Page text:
Masculine cultures are considered to value competition, and “being tough” is seen as a strength. There also tends to be a greater divide between gender roles. In more feminine cultures, competition is not highly endorsed and there is more concern for the most vulnerable within society.
Our cultural tendencies towards masculine and feminine can influence what we perceive leadership to look like and the type of workplace cultures we cultivate. Companies from Scandinavian countries, for example, tend to frown upon the competitive behavior that American companies favor in the workplace, and place much more importance on the quality of life outside of work. This is characteristic of a more feminine culture.
4. Come what may
An uncertainty-avoiding culture feels anxious in the face of ambiguity and tries to mitigate it, while an uncertainty-tolerant culture accepts that life comes with its ups and downs.
Our own culture’s relationship to risk can affect the way we approach innovation or what we perceive to be possible. For example, if someone from an uncertainty avoidance culture is asked to push the boundaries, innovate, and explore possibilities with no guarantee of success, that could cause stress to the employee who feels more comfortable operating within clear boundaries.
In the classroom this plays out with students from high uncertainty-avoiding cultures (for example Switzerland and Germany) wanting to know all the details of how their work is assessed and being more likely to keep to a work schedule compared to the students with low uncertainty avoidance who will “have a go” at the assessment and are more likely to leave it until the last minute. Having students from the two extremes in the same group can cause conflict and needs to be managed!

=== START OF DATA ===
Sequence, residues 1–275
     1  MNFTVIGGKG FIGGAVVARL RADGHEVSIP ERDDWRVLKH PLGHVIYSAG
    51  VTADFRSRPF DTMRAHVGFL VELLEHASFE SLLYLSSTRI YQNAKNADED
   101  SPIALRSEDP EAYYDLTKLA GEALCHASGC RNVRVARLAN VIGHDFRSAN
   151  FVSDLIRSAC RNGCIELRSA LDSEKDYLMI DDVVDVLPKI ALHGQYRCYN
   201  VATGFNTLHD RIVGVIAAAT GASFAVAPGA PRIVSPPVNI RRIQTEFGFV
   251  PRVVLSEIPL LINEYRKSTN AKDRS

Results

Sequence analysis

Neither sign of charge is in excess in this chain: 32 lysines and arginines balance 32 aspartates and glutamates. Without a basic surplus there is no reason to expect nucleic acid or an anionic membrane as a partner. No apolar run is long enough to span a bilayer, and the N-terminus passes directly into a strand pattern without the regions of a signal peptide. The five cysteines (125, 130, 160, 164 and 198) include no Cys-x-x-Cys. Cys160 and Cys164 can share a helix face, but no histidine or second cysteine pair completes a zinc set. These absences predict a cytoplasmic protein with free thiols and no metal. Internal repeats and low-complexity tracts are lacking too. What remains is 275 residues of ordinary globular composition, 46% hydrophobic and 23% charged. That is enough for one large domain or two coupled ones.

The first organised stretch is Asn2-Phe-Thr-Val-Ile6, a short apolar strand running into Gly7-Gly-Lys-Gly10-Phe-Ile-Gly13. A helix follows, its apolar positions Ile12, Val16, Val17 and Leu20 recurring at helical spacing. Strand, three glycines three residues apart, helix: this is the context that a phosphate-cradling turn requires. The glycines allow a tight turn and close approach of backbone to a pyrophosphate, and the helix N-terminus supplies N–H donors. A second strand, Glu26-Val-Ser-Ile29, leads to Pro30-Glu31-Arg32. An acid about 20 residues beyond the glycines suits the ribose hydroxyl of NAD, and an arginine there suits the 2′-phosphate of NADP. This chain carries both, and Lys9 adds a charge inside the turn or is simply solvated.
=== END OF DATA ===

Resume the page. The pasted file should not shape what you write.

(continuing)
5. The only constant is change
In a long-term oriented culture, one sees the world as ever-changing, and preparation is key to navigating changes when they arise. Short-term oriented cultures, however, see the world as more fixed.
In the workplace, this means an employee from a long-term oriented culture will likely view norms as flexible and accept the need to adapt to the circumstances in which they find themselves. For an employee from a short-term oriented culture, however, norms are unwavering, no matter the circumstances, and believe there is a clear boundary between right and wrong.
6. Free like a bird
Hofstede’s final dimension refers to a culture’s perception of freedom. To an indulgent culture, “being free” is valued and following one’s impulses is acceptable. In a restrained culture, however, life is accepted as hard, and duty is one’s priority.
For an employee working in a more restrained organizational culture, they may feel trapped and like “a cog in the wheel,” whereas an employee from a restrained culture may feel untethered within a less constricting work environment.
The value in our differences
While some may argue that our cultural differences are being diluted as a result of increased travel, open borders, and the rise of international companies, I believe they are as present today as they were when Hofstede first presented his research in the 1960s. The findings from my student focus groups certainly suggest so.
So, what does that mean for our increasingly globalized world? It means we must all practice self-awareness and take advantage of opportunities to experience other cultures and points of view. I believe there is much value in our differences if we are aware, which we can leverage into collective strengths, and we can certainly learn valuable lessons from each side of the spectrum.
This is what I teach my students at Swiss Hotel Management School, where students get to practice this cross-cultural exchange every day as they live and study together. I see first-hand how beneficial this exposure to different cultures and ways of being is for our students — it challenges them, opens their minds, and is preparing them for international careers in hospitality. The way they embrace one another, I feel we all have much we can learn from this next generation of leaders.